DENVER -- A staple storyline of superhero comics over recent decades has seen Superman race the Flash, usually with the fate of the universe on the line. And, more often than not, the two would distracted by some masked villain, the outcome muddled, and the winner was left up to the reader.
Albeit far less dramatic, the Pirates easily could stage their own what-if scenario: Which of their two blazing speedsters would win a race around the basepaths, Nyjer Morgan or Andrew McCutchen?
The two clearly had a blast engaging in the topic when it was raised this week.
"I think he's got to give it to me, because I've got the fresher legs," McCutchen said, grinning. "Mm-hm. He's got some years on him."
Morgan is 29, McCutchen 22.
"I'm older, but I'm also the wiser one, so I'm going to say myself," Morgan shot back. "My legs are still young and fresh."
Sounds like an arbiter is needed, so let us call in Tony Beasley, the Pirates' baserunning instructor.
"Oooh," Beasley responded when the topic was raised. "How long is the race?"
Home to first?
"Nyjer wins that," Beasley said. "Left-handed batter out of the box."
First to third?
"McCutchen wins that."
All the way around?
"McCutchen wins that. Because he has closing speed. Once he gets going, he maintains his speed. He has better running form, and he'll take better angles around the bases."
That seems especially true, even to the untrained eye, with McCutchen's exhilarating burst between first and third, one in which his path appears to be a straight line.
"I don't know that I've seen anything like it in my time in baseball," Beasley said. "He's unbelievable. Between first and second, he gets into another gear, and he maintains it."
Even Morgan conceded: "I think the kid might get me from first to third. He really gets moving there. It looks like he bends that left-hand turn for himself."
McCutchen attributed that to practicing the angle tirelessly over the years.
"It's just a matter of doing a lot of running, knowing my angles. I kick in between first and second, and, yeah, it does feel like a straight line to me."
The speed, obviously, helps: McCutchen was a sprinter until his freshman year at Fort Meade High School in Florida, running the 100 meters in an exemplary 10.6 seconds and anchoring his school's state championship 4x100 relay team.
To be sure, PNC Park deserves all the accolades it gets, locally and nationally. It is an architectural gem worthy of and honoring its city, it has the friendliest seating bowl in baseball, and it embraces the best view in sports.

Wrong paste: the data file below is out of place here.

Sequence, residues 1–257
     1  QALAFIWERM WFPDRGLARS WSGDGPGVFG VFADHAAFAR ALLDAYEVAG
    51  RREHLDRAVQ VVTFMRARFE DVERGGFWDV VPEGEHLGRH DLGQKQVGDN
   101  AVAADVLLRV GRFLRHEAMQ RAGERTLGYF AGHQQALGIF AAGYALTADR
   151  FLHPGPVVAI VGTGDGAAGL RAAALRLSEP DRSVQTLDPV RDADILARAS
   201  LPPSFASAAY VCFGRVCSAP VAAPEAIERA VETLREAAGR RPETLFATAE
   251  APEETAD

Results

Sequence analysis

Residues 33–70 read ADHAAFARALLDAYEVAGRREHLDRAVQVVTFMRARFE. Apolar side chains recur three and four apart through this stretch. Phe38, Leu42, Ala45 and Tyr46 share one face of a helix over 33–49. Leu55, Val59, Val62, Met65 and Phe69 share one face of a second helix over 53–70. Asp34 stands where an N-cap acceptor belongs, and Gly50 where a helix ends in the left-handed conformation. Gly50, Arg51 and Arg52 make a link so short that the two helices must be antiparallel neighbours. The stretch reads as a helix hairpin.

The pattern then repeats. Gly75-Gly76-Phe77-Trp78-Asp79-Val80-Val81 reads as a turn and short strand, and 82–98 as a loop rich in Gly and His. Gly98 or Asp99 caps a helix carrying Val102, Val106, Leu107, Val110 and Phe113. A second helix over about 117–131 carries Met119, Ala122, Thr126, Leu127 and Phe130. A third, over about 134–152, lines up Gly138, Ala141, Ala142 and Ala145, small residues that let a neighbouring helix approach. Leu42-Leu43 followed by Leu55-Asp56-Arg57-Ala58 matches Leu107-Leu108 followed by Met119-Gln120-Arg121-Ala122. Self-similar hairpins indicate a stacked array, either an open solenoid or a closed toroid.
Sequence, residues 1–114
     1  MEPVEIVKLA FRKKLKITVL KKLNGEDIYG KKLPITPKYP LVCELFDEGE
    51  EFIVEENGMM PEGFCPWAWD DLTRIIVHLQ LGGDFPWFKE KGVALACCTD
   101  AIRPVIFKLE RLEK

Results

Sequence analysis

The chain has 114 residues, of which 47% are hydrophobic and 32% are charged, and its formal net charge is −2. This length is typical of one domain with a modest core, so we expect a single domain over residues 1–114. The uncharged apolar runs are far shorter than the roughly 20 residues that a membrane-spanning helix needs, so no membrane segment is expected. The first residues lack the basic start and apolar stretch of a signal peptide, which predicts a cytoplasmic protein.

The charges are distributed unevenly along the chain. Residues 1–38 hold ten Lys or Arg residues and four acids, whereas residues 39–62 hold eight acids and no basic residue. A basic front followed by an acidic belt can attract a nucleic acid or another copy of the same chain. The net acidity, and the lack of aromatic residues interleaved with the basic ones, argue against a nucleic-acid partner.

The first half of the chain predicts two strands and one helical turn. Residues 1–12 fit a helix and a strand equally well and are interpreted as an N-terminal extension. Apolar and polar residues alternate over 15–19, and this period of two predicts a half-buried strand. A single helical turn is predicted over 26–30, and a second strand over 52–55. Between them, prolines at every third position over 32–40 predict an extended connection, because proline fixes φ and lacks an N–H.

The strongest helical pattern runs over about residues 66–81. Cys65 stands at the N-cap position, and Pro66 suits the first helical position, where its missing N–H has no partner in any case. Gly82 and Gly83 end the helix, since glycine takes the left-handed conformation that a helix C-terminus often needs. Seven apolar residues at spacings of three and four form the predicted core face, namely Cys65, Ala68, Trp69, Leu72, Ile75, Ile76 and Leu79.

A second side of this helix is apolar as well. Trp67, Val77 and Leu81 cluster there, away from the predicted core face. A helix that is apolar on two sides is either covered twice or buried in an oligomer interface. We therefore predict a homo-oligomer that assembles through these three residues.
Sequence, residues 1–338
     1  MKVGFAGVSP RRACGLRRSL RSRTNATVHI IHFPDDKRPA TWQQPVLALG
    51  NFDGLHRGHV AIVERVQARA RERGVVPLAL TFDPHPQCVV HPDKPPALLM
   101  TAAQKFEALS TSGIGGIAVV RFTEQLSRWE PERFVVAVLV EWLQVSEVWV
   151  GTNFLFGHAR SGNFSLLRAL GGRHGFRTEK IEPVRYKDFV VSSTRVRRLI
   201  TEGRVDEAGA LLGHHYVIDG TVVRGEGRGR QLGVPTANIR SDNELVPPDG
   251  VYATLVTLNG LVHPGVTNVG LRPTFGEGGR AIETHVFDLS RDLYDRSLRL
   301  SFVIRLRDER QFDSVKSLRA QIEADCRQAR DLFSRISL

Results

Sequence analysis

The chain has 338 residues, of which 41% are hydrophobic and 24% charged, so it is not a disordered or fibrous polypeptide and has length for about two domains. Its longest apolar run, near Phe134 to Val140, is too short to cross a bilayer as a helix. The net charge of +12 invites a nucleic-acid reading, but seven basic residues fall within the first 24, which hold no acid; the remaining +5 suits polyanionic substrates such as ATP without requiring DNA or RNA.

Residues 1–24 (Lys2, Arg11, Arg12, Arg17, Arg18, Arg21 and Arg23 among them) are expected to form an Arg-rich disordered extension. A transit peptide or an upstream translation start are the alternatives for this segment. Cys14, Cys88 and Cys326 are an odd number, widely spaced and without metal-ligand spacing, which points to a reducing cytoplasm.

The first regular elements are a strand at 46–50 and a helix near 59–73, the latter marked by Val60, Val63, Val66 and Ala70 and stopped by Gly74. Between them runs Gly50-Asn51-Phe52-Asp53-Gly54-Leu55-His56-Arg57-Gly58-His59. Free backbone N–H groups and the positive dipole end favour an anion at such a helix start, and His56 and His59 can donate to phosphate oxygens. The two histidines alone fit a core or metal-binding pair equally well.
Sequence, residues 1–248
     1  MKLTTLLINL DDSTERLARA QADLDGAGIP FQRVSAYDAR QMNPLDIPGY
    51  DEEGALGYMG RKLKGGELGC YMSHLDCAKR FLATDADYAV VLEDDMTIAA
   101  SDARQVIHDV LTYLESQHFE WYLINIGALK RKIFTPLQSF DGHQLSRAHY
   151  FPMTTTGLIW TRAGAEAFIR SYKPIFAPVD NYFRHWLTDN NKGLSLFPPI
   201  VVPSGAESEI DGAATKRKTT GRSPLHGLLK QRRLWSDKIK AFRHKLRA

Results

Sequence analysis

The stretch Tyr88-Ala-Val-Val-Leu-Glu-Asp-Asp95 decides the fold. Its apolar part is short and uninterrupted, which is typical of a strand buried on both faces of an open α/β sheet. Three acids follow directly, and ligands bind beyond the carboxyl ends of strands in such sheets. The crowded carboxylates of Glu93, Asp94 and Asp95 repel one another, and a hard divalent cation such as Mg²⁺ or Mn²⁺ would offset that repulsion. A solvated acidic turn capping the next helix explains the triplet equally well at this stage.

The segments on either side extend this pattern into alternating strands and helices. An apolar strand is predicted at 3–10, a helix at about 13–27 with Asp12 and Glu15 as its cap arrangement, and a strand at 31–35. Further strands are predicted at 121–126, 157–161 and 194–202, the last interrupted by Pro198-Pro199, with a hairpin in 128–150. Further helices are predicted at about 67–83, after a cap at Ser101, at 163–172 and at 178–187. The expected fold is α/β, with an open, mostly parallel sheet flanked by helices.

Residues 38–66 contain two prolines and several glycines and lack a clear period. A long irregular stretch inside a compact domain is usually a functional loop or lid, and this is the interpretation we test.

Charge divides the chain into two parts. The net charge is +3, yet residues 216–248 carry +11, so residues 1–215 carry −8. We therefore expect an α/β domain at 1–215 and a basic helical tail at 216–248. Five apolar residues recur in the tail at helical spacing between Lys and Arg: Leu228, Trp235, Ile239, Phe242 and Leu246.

But no place is perfect, and this is one person's list of three pet peeves:
• That Pirates Charities sign -- the big, white box above the Clemente Wall that looks like an invitation to Sheetz -- is glaringly visible from Downtown and miles around, even though it never was part of the original design and, indeed, is an eyesore compared to the rest. It was built in 2006 to house an All-Star logo and, unfortunately, never was removed.
• It is one of the few major sports facilities in North America that does not sell Starbucks-type specialty coffee, a remarkable item to omit given its popularity. In fact, there is no such coffee shop anywhere on the North Shore. There once was a Seattle's Best chain in the ballpark facing Federal Street, but that left four years ago, and that storefront -- as with others -- remains empty.
• Fans never are ejected for interfering with balls in play. They are given a warning, even though a warning already is made by the PA announcer before each game, and that is it. This embarrasses the Pirates -- and the season-ticket holders who know better than to reach over the railings -- each time such a highlight is shown on TV, particularly when it hurts the home team.
So, if Brad Lincoln is excelling in Class AA Altoona, why has he not been promoted to Class AAA Indianapolis?
If Rudy Owens is doing likewise with Class A West Virginia, why not move him up, too?
A part of the Pirates' thinking with situations such as this is they want to see how players -- pitchers, specifically -- handle a start or two after they begin hearing questions on this topic, whether from their hometown reporters, fans or even family and friends.
Will they pout?
Will performance sag?
"You want your players to be mentally tough," director of player development Kyle Stark said. "It's all part of the growing process."
That said, look for Lincoln and Owens to get promotions imminently.
If the Pirates were to make a sizable investment in elite Dominican prospect Miguel Angel Sano -- and that remains far from certain, given heightened interest among other teams -- it would not come without risks. He is 16, and much, much has to go right for someone that age to reach the majors, regardless of talent.
But, if management is looking for a sign that serious investment in Latin American talent can pay, there are some highly promising -- albeit very early -- returns with the Pirates' entry in the Venezuelan Summer League team, which is high atop the standings at 22-7 and boasts two of the most expensive players in franchise history.
One is left fielder Exicardo Cayones, who received a team-record $400,000 bonus last year: He is batting .300 with a .444 on-base percentage and 11 RBIs. And this at age 17 against players mostly two years older.
Two others who received six-figure bonuses last year are Colombian shortstop Jonathan Barrios, batting .294 and with good defense, and Mexican starter Roberto Espinoza, 2-1 with a 1.93 ERA.
The star, though, has been comparatively inexpensive Panamanian second baseman Jorge Bishop, batting .371 with six home runs and 26 RBIs. He is only 18, but he also is only 5 feet 10, 152 pounds.